I’m not really about cults, or organized religion. One of my parents had a lot of traumas based around religion growing up, so my family always lived in a religion-free environment. We had our morals and values and believed in doing good deeds, but because of how I was raised, and some of my distasteful (somewhat traumatic) experiences with the people outside of my family who were trying to proselytize me, I never had a chance to become a spiritual person, unfortunately. In retrospect, I think I would have been a much more peaceful person. Instead, I read a ton of self help books.

But as they say, it’s never too late.

It’s taken me some time to process the writings of Eckhart Tolle, the spiritual guide. He wrote The Power of Now almost two decades ago, and more recently, New Earth. His work falls under therapeutic category of Acceptance and Commitment therapy, and uses mindfulness throughout the book as a grounding mechanism to ward off the unnecessary “egoic” thoughts away. His theory is that as a compulsively thinking society, we’ve become split selves – one based on our mind (egoic-self) which is constantly running, separate from our Self (our true inner self), and that’s problematic. His theory is that once we stop feeding the thought-based self, and start focusing on our real Self through what he calls the portal of Now (aka. mindfulness), then there will be more joy in our lives.

I’m not sure why I was so drawn to his work- for one thing, he is a depression survivor. Another is the fact that he draws wisdom from not just one religion, but most of the predominant world religions, namely Christianity, Hinduism, Judaism and Buddhism, and finds things he sees in common in all of them. This helped me put my guard down a little bit as a skeptic.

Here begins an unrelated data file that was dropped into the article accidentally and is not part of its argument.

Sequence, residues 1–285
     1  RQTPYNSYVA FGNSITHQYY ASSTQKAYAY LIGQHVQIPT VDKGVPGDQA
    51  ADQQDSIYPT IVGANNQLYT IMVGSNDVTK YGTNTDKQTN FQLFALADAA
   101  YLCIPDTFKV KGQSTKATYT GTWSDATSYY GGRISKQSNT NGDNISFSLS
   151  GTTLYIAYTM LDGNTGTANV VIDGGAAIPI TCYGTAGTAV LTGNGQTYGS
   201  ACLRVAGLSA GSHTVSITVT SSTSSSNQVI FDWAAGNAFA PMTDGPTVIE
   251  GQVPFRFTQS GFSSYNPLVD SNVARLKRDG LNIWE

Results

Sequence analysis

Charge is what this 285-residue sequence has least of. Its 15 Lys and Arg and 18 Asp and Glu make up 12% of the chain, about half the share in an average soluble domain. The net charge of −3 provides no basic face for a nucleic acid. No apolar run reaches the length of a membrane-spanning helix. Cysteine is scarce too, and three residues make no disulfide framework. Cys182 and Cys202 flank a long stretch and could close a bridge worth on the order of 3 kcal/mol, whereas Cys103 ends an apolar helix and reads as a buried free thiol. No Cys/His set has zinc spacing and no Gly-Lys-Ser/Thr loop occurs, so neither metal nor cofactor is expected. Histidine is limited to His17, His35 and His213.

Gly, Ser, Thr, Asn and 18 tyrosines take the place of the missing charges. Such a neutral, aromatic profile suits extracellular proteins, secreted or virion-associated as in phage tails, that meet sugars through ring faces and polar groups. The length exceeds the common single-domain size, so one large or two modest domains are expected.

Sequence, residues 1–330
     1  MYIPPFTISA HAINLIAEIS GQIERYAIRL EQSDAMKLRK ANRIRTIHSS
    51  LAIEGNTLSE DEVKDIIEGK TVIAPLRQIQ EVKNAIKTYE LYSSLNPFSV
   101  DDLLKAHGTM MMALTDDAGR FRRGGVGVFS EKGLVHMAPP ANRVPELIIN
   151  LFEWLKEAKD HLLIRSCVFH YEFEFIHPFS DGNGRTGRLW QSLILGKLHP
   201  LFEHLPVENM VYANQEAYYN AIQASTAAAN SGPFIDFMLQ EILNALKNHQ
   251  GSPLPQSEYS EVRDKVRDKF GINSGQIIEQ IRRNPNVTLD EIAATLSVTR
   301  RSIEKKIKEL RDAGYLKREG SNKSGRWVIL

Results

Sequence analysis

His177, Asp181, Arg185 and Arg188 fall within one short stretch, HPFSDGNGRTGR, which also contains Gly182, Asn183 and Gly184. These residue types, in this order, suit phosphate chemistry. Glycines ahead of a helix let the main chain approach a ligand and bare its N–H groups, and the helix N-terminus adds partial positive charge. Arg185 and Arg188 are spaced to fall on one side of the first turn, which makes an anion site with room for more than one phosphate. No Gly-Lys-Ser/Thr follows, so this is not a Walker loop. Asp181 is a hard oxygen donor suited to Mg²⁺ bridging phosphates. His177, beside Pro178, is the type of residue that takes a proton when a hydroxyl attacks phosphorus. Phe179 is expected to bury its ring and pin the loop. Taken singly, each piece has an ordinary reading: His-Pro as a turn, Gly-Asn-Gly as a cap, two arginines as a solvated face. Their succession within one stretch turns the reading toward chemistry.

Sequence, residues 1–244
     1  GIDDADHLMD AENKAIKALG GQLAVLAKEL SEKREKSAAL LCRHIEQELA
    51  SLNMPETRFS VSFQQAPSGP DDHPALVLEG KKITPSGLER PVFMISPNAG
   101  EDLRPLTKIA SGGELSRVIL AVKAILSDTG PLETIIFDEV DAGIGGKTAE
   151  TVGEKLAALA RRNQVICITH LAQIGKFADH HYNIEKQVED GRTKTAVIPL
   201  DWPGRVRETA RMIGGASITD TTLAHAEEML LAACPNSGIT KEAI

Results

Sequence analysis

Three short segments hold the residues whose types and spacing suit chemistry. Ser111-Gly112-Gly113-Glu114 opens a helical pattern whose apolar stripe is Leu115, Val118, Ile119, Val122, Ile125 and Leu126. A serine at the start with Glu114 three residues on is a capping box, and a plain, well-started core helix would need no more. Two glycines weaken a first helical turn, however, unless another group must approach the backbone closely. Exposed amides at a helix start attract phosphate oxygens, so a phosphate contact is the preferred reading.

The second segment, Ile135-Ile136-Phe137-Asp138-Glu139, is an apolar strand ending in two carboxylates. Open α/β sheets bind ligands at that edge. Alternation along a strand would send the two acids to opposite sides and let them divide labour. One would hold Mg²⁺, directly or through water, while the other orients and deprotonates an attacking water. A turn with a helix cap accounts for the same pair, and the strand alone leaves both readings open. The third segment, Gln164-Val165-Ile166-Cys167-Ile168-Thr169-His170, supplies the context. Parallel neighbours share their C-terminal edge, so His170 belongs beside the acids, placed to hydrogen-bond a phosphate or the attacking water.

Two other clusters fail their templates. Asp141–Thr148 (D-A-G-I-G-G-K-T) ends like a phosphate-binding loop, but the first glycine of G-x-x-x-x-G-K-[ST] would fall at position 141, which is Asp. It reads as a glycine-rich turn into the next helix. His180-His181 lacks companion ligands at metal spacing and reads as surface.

All this backstory is to bring up one thing: how it’s helping me. It’s helping me to accept that I’m in a tough place (says my therapist). It’s helped me to see how my over-thinking (negative, not very self-compassionate, and destructive thinking) is sabotaging living, because living doesn’t happen once I get to a better place; once I get the job/promotion; or once I move to a better house; once I have more friends; once I make it. But life is happening right now. And it will always happen right now, not in the future or the past. And more importantly, what is happening in my life isn’t my real Self, or my self worth. Same with what I achieve. My inner real self is timeless, and not defined by a label like a job, or a role. What is happening isn’t my “life”, it’s my “life situation,” which is temporary.

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Goals I set for myself

Recovery goals are always a moving target. And not a linear moving target, because recovery isn’t linear- sometimes you take 2 steps forward, other times you take 5 steps back. And it’s hard to accept that sometimes you have to do less than what you planned a week ago for that week because things just happened to go south. It’s seriously frustrating. So sometimes, oftentimes, you might find yourself biting more than you can chew, or reaching for low hanging fruit.

Two weeks ago, I thought I was at a place where I could start pushing myself with learning something and just do more in general. The weeks before, I was starting to do things that I enjoyed (like drawing), without getting prompted to do it- which I think was a huge step forward. (Sidenote: depression makes it very very hard to want to do the things you enjoy, or used to find enjoyable; or get out of bed to live… or live.)

Because I felt good about where this was going, I said yes to the NYC trip for the weekend, and I also said yes to many other social activities over the course of the two weeks. And by that I mean, meeting friends from my life-before-hospitalizations in the afternoons after I came back from group, which is more overwhelming that it should be because I’m vulnerable, I don’t know how to phrase things about what I’m doing, and I’m just usually tired all the time. To top it off, I’m mostly an introvert, so I burn a lot of energy by hanging out with people. I didn’t want to say no to these interactions because I value relationships and that’s more important than anything else right now because not only is it enjoyable, but it also gives me a sense of belonging with the rest of mankind.